February 17, 2021

Regional Instruments Critical for Governing Marine Plastic Pollution: IASS Report

News Source: SDG Knowledge Hub

Regional instruments can help strengthen the global governance of marine plastic pollution, including by contributing to a possible new global agreement, explains a report published by the Institute for Advanced Sustainability Studies (IASS) Potsdam.The report titled, ‘Stronger Together: The role of regional instruments in strengthening global governance of marine plastic pollution,’ launched in February 2021, argues that integration of the global, regional, national, and local scales is needed for a successful ocean governance system to address marine plastic pollution. The report looks at the achievements of regional organizations and instruments related to marine litter, and offers recommendations for policymakers on ways the work of these organizations can be leveraged, supported, and linked to a new global agreement, through their provision of frameworks for action and implementation.

Describing successful efforts made by regional organizations, the report highlights: establishment of joint work programmes or platforms such as Regional Marine Litter Nodes to promote information exchange and cooperation among stakeholders; adoption of legally binding provisions by some regional bodies, including under the Barcelona Convention; and introduction of indicators specific to marine litter in existing monitoring and assessment programmes.

With the prevalence of marine litter expected to increase, various proposals to enhance its governance framework are under discussion in international fora. Proposals pertain to strengthening existing regional and sectoral frameworks and negotiating a new global agreement on marine plastic pollution.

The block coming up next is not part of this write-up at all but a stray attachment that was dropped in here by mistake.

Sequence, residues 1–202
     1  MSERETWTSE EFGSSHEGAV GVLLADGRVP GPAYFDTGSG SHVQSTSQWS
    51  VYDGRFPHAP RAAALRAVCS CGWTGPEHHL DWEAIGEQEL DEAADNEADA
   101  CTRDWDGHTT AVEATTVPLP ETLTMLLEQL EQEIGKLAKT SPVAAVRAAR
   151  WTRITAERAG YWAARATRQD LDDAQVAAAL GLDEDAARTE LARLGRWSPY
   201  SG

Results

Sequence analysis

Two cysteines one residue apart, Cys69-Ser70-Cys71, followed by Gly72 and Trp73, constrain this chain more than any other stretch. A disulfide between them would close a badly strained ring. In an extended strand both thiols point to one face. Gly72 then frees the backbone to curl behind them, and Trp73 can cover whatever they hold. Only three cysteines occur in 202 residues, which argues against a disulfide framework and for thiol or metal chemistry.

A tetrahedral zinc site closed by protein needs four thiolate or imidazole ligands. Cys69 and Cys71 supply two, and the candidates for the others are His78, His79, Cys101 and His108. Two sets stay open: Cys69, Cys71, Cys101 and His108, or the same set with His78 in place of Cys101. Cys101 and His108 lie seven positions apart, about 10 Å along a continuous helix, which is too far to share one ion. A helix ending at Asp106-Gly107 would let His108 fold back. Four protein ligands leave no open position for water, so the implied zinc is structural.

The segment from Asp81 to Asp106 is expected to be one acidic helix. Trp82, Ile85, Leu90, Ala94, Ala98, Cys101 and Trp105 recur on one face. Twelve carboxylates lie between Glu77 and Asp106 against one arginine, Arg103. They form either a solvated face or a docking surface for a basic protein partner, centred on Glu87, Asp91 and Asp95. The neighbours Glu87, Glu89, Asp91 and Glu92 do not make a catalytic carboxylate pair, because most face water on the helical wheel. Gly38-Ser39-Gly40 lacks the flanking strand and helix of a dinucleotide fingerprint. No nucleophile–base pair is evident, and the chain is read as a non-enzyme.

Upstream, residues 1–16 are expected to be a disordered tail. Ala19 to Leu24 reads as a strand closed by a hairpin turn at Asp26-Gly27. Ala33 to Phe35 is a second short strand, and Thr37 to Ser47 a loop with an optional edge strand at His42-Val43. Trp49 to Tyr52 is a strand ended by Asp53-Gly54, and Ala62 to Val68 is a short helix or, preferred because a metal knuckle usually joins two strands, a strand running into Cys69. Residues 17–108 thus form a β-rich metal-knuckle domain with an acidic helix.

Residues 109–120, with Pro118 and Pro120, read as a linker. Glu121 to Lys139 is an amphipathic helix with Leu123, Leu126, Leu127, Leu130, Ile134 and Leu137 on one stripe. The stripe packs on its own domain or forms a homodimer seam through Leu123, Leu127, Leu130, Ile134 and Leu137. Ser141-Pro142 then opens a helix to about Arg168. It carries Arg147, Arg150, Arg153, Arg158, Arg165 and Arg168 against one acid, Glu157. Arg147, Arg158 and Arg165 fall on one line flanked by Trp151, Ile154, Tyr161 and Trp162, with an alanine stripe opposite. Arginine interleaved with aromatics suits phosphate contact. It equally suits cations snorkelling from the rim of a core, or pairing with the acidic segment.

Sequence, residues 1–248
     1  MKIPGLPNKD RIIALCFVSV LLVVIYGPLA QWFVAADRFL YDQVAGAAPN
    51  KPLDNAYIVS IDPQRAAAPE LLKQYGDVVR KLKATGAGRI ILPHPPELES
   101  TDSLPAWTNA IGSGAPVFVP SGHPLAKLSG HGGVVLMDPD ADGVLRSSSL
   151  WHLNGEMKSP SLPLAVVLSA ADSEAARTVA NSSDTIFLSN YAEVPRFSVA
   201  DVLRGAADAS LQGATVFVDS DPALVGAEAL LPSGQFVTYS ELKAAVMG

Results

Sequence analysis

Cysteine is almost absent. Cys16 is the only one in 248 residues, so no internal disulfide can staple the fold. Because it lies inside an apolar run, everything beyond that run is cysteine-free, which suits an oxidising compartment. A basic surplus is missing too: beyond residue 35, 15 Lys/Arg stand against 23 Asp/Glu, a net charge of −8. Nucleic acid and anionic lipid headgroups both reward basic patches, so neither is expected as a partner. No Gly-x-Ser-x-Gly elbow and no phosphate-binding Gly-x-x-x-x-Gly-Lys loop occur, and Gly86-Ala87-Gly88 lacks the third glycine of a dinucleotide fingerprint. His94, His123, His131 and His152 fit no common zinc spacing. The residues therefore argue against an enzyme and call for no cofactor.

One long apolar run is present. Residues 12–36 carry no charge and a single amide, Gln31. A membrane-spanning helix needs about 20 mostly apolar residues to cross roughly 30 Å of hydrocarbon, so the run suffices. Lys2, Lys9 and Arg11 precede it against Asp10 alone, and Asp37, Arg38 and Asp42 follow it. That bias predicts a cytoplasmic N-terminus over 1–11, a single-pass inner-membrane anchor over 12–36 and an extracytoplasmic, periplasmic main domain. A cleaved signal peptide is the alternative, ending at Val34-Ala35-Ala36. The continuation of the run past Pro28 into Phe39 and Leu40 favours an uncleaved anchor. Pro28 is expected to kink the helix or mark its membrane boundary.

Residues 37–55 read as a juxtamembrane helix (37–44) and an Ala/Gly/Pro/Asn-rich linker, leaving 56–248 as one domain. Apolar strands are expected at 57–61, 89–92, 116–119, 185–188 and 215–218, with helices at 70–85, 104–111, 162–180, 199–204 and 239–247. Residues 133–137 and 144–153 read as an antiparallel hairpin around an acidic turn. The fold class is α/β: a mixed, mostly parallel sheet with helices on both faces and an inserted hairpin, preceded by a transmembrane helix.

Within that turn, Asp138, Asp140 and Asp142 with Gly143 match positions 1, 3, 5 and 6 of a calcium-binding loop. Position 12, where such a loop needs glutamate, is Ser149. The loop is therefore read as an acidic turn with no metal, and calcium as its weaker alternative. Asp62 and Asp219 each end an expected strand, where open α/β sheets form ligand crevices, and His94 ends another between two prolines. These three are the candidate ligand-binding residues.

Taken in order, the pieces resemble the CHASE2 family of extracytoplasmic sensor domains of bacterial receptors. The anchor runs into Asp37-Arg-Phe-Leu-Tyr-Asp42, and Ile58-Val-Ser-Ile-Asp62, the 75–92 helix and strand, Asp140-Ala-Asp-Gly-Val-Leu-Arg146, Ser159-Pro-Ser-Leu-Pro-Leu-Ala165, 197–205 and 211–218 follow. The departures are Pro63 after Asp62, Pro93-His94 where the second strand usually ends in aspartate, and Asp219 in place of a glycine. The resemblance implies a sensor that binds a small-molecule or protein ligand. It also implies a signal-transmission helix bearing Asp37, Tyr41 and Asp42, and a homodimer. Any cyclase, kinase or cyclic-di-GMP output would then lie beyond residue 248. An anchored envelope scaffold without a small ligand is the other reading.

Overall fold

On strengthening existing regional efforts, the report notes challenges related to: varying levels of implementation and efforts across regions; harmonization of monitoring approaches; and limited capacities for multi-stakeholder and private sector engagement. For each of these challenges, the report provides recommendations for initial and further steps, and identifies ways a new global agreement on marine plastic litter could advance regional efforts.

On a new global agreement on marine plastic pollution, the authors explain that regional organizations can only perform within the terms of their respective jurisdictions and mandates, and priorities differ among regions, so a new global agreement could play the role of promoting and harmonizing efforts at the global, regional, and national levels by: providing an overarching, comprehensive strategy; setting common objectives and minimum standards; proposing shared indicators and assessment methodologies; and undertaking global reviews and assessments.

The report outlines possible elements of a new global agreement that would strengthen regional-level activities, including: facilitating the sharing of best practices and technologies; providing capacity building, training and financial support; and establishing a joint international database and a related data management strategy to facilitate the collection of and access to data. A global agreement could also provide harmonized standards for industry, and global liability and compensation for plastic pollution.

The authors suggest that the experience, expertise, and capacity of regional organizations would be valuable in developing the provisions of a new global agreement. For example, existing regional systems for monitoring, reporting, cooperation and coordination would help address the issue of marine plastic litter at the sea-basin and ecosystem scale. [Publication: Stronger Together: The role of regional instruments in strengthening global governance of marine plastic pollution]